“We are honored to welcome George Kaiser as a member of the ownership group of the Oklahoma City Thunder,” Bennett said. “George is a well-respected and important Oklahoma business leader, as well as one of the state and nation’s top philanthropists. His commitment to successful business and community leadership is in true alignment with that of the Thunder.
    “I also appreciate the commitment and leadership provided by Tom Ward as a member of our ownership group from the beginning,” Bennett added.

    April 18, 2014

  • Literally, books come to life for club

    When some of the women at Touchmark at Coffee Creek got together to form a book club, they didn’t know it would be so much fun and become such an important part of their lives.
    The group of about a dozen residents gets together monthly to not only discuss the assigned novel, memoir or classic, but also to immerse themselves in the setting and culture of the book. There is no limit to their creativity.

    April 18, 2014

  • pink.jpg Local children win Edmond Sun Easter coloring contest

    Two local children were named winners of The Edmond Sun’s Easter coloring contest. At left, Madsion Porter, 4, daughter of Tracy Porter, won a princess Easter basket, which included a tiara, tea set, stuffed bunny rabbit and chocolate rabbit. At right, BriAnna Harbaugh, 9, daughter of Leslie Haubaugh, won a Hello Kitty Easter basket, containing art supplies, a Hello Kitty stuffed animal and a chocolate bunny.  The families also received a three-month subscription to The Edmond Sun. For your own subscription to The Edmond Sun, visit, call 341-2121, or visit 123 S. Broadway.

    April 18, 2014 2 Photos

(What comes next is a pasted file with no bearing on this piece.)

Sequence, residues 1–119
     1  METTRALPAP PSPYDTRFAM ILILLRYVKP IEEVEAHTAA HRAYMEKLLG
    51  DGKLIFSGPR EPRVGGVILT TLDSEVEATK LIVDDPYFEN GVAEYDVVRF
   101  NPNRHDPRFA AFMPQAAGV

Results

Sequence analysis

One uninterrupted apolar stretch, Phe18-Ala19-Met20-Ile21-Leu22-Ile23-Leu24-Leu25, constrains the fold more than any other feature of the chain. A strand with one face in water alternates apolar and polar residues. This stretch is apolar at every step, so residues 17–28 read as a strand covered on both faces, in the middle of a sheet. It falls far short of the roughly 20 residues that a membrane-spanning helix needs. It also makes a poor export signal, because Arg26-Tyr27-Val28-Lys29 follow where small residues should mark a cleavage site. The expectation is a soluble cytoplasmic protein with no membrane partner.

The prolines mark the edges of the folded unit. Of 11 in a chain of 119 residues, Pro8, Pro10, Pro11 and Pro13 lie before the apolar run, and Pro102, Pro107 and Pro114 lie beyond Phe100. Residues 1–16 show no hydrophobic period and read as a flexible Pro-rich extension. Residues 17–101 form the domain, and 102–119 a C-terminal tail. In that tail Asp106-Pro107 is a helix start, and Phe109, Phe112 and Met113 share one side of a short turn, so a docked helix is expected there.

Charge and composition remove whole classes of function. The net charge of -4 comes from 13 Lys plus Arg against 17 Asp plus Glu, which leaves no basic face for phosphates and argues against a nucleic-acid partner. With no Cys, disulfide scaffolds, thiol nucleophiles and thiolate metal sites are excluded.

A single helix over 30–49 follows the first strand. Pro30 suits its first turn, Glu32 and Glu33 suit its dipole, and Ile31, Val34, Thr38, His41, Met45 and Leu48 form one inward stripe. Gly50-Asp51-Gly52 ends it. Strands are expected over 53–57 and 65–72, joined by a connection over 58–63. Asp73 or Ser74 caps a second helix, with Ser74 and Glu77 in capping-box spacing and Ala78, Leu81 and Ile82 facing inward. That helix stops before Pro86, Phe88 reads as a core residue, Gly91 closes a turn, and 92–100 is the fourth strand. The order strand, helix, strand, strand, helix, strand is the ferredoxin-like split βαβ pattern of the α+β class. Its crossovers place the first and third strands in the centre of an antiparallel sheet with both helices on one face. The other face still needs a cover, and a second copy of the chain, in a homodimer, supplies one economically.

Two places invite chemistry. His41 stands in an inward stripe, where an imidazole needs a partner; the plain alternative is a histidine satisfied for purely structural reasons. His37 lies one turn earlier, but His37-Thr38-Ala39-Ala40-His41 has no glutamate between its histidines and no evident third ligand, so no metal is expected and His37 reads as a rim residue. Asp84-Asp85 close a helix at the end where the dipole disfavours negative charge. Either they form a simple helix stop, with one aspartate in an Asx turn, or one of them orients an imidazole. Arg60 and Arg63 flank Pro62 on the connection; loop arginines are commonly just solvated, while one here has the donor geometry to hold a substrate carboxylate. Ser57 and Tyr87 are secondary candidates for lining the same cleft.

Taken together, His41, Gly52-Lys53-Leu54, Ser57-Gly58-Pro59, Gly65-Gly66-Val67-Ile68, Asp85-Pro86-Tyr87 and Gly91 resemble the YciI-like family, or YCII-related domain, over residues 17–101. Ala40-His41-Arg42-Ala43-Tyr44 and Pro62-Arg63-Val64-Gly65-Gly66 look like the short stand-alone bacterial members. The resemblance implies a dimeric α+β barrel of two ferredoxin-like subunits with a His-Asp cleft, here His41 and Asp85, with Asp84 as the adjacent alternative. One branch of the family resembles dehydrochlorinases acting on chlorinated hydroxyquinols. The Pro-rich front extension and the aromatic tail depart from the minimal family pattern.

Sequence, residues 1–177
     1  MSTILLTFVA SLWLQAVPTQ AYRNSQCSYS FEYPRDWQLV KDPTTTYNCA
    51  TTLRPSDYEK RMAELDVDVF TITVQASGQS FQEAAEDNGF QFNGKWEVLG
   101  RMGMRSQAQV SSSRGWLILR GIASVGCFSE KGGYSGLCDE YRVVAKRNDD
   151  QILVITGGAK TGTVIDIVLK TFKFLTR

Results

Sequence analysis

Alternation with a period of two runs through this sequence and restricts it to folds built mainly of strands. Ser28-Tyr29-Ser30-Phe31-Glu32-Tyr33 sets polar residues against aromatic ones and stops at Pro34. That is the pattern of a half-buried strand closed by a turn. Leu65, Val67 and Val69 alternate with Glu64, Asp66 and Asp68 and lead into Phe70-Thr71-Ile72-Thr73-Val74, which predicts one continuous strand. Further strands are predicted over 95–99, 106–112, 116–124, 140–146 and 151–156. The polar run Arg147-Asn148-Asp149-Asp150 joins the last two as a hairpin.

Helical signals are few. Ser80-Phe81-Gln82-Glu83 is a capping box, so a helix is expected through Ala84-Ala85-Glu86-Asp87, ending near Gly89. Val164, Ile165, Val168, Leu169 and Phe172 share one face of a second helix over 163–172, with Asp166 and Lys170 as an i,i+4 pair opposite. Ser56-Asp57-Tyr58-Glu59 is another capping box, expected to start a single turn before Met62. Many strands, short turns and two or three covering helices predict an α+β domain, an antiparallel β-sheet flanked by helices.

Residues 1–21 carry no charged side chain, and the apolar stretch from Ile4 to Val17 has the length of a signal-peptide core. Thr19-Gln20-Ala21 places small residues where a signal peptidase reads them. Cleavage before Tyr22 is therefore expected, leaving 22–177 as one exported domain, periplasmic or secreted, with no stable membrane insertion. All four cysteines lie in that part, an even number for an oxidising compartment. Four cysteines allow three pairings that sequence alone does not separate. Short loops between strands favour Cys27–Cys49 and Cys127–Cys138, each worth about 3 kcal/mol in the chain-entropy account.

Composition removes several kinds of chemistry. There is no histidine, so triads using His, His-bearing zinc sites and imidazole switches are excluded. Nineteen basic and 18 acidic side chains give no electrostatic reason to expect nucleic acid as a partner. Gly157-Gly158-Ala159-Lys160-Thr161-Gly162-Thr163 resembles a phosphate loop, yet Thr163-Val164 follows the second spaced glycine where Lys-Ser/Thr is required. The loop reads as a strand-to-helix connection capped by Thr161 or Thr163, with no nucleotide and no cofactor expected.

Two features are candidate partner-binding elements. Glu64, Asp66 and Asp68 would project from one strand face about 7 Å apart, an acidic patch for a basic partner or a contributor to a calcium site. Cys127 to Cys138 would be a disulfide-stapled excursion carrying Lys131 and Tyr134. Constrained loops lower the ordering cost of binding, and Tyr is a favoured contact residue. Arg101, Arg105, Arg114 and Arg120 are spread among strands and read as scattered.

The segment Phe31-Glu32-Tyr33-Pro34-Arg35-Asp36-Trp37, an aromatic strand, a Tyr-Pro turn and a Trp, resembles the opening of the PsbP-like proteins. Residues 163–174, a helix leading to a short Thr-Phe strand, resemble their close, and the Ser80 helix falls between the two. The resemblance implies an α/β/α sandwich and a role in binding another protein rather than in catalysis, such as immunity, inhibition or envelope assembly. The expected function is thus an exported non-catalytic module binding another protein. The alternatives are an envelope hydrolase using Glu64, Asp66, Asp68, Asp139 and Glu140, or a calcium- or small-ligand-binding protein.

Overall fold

• jc_HarveySparks.jpg Pastor seeks congressional seat

    Working in the Congressional 1st District office of Congressman Jim Bridenstine was an eye opener for Harvey Sparks, he said. His analytical exposure to Congress has sparked his drive to run for the Congressional 5th District of Oklahoma, said Sparks, R-Oklahoma City.
    Sparks has been a pastor for the majority of his professional life. Sixteen months ago, he was asked by 1st District Congressman Jim Bridenstine to come work in his Washington, D.C., office. He and his wife, Jennifer, have three daughters and a son, ages 10-3.

    April 18, 2014 1 Photo

Featured Ads
NDN Video
Jabari Parker's Top 5 Plays From Duke Career Kourtney Kardashian Is a Bikini Babe More Manpower Than Ever Expected At 4/20 Rally Debunk'd: Miley Cyrus AIDS, Cheeseburgers Cause Cancer, Military Warning Bill Previewing the NBA playoffs Raw: Orthodox Christians Observe Easter Rite My name is Cocaine Raw: Space X Launches to Space Station Lohan Gets Candid About Her Sex List The 2014 New York Auto Show Meet Johnny Manziel's New Girlfriend Chelsea Clinton Announces Pregnancy Funny: Celebrating Easter with Martha Stewart and Friends Man Accuses 'X-Men' Director Bryan Singer of Sexually Abusing Him As a Teenager Man hit with $525 federal fine after he doesn't pay for soda refill Lea Michele & Naya Rivera Feuding? Jabari Parker declares for the NBA draft Singing Nun Belts Out Cyndi Lauper New West, Texas Explosion Video Swim Daily, Throwback Thursday

Do you agree with a state budget proposal that takes some funds away from road and bridge projects to ramp up education funding by $29.85 million per year until schools are receiving $600 million more a year than they are now? In years in which 1 percent revenue growth does not occur in the general fund, the transfer would not take place.

     View Results